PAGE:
Peacebuilding in Practice

Author: Adam Moore
Publisher: Cornell University Press
ISBN: 0801469554
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In November 2007 Adam Moore was conducting fieldwork in Mostar when the southern Bosnian city was rocked by two days of violent clashes between Croat and Bosniak youth. It was not the city’s only experience of ethnic conflict in recent years. Indeed, Mostar’s problems are often cited as emblematic of the failure of international efforts to overcome deep divisions that continue to stymie the postwar peace process in Bosnia. Yet not all of Bosnia has been plagued by such troubles. Mostar remains mired in distrust and division, but the Brcko District in the northeast corner of the country has become a model of what Bosnia could be. Its multiethnic institutions operate well compared to other municipalities, and are broadly supported by those who live there; it also boasts the only fully integrated school system in the country. What accounts for the striking divergence in postwar peacebuilding in these two towns? Moore argues that a conjunction of four factors explains the contrast in outcomes in Mostar and Brcko: The design of political institutions, the sequencing of political and economic reforms, local and regional legacies from the war, and the practice and organization of international peacebuilding efforts in the two towns. Differences in the latter, in particular, have profoundly shaped relations between local political elites and international officials. Through a grounded analysis of localized peacebuilding dynamics in these two cities Moore generates a powerful argument concerning the need to rethink how peacebuilding is done—that is, a shift in the habitus or culture that governs international peacebuilding activities and priorities today.

Theatre for Peacebuilding

Author: Nilanjana Premaratna
Publisher: Springer
ISBN: 3319757202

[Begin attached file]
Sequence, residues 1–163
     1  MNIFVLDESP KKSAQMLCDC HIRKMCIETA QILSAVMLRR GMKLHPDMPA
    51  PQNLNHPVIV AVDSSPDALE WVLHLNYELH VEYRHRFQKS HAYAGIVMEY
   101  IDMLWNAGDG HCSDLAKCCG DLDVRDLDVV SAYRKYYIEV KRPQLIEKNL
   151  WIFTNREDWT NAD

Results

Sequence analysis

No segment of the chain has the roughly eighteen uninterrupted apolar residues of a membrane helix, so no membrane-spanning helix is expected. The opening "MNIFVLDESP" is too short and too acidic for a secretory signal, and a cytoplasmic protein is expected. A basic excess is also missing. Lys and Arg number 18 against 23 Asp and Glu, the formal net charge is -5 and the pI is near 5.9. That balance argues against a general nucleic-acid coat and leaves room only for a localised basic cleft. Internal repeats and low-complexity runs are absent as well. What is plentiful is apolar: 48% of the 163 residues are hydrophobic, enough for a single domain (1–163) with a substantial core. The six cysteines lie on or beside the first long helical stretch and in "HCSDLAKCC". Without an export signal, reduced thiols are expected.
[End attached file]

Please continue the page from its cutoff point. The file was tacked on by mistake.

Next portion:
Format: PDF, ePub, Mobi
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This book contributes to key debates in peacebuilding by exploring the role of theatre and art in general. Premaratna argues that the dialogical and multi-voiced nature of theatre is particularly suited to assisting societies coming to terms with conflict and opening up possibilities for conversation. These are important parts of the peacebuilding process. The book engages the conceptual links between theatre and peacebuilding and then offers an in-depth empirical exploration of how three South Asian theatre groups approach peacebuilding: Jana Karaliya in Sri Lanka, Jana Sanskriti in India, and Sarwanam in Nepal. The ensuing reflections offer insights that are relevant to both students and practitioners concerned with issues of peace and conflict.

The Local Turn in Peacebuilding

Author: Joakim Ojendal
Publisher: Routledge
ISBN: 1351867539
Format: PDF
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Contemporary practices of international peacebuilding and post-conflict reconstruction are often unsatisfactory. There is now a growing awareness of the significance of local governments and local communitites as an intergrated part of peacebuilding in order to improve quality and enhance precision of interventions. In spite of this, ‘the local’ is rarely a key factor in peacebuilding, hence ‘everyday peace’ is hardly achieved. The aim of this volume is threefold: firstly it illuminates the substantial reasons for working with a more localised approach in politically volatile contexts. Secondly it consolidates a growing debate on the significance of the local in these contexts. Thirdly, it problematizes the often too swiftly used concept, ‘the local’, and critically discuss to what extent it is at all feasible to integrate this into macro-oriented and securitized contexts. This is a unique volume, tackling the ‘local turn’ of peacebuilding in a comprehensive and critical way. This book was published as a special issue of Third World Quarterly.

Conflict Transformation Peacebuilding and Storytelling

Author: Laura E. Reimer
Publisher: Rowman & Littlefield
ISBN: 1498564186
Format: PDF, ePub, Mobi
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This globally relevant book represents the latest research from the peace and conflict study done by Arthur V. Mauro Centre. The chapters explore conflict transformation, peacebuilding, and storytelling through the lenses of the voices of the intervened and the voices of the intervenors in Canadian, continental, and international conflict contexts.

The NGO Game

Author: Patrice C. McMahon
Publisher: Cornell University Press
ISBN: 1501712721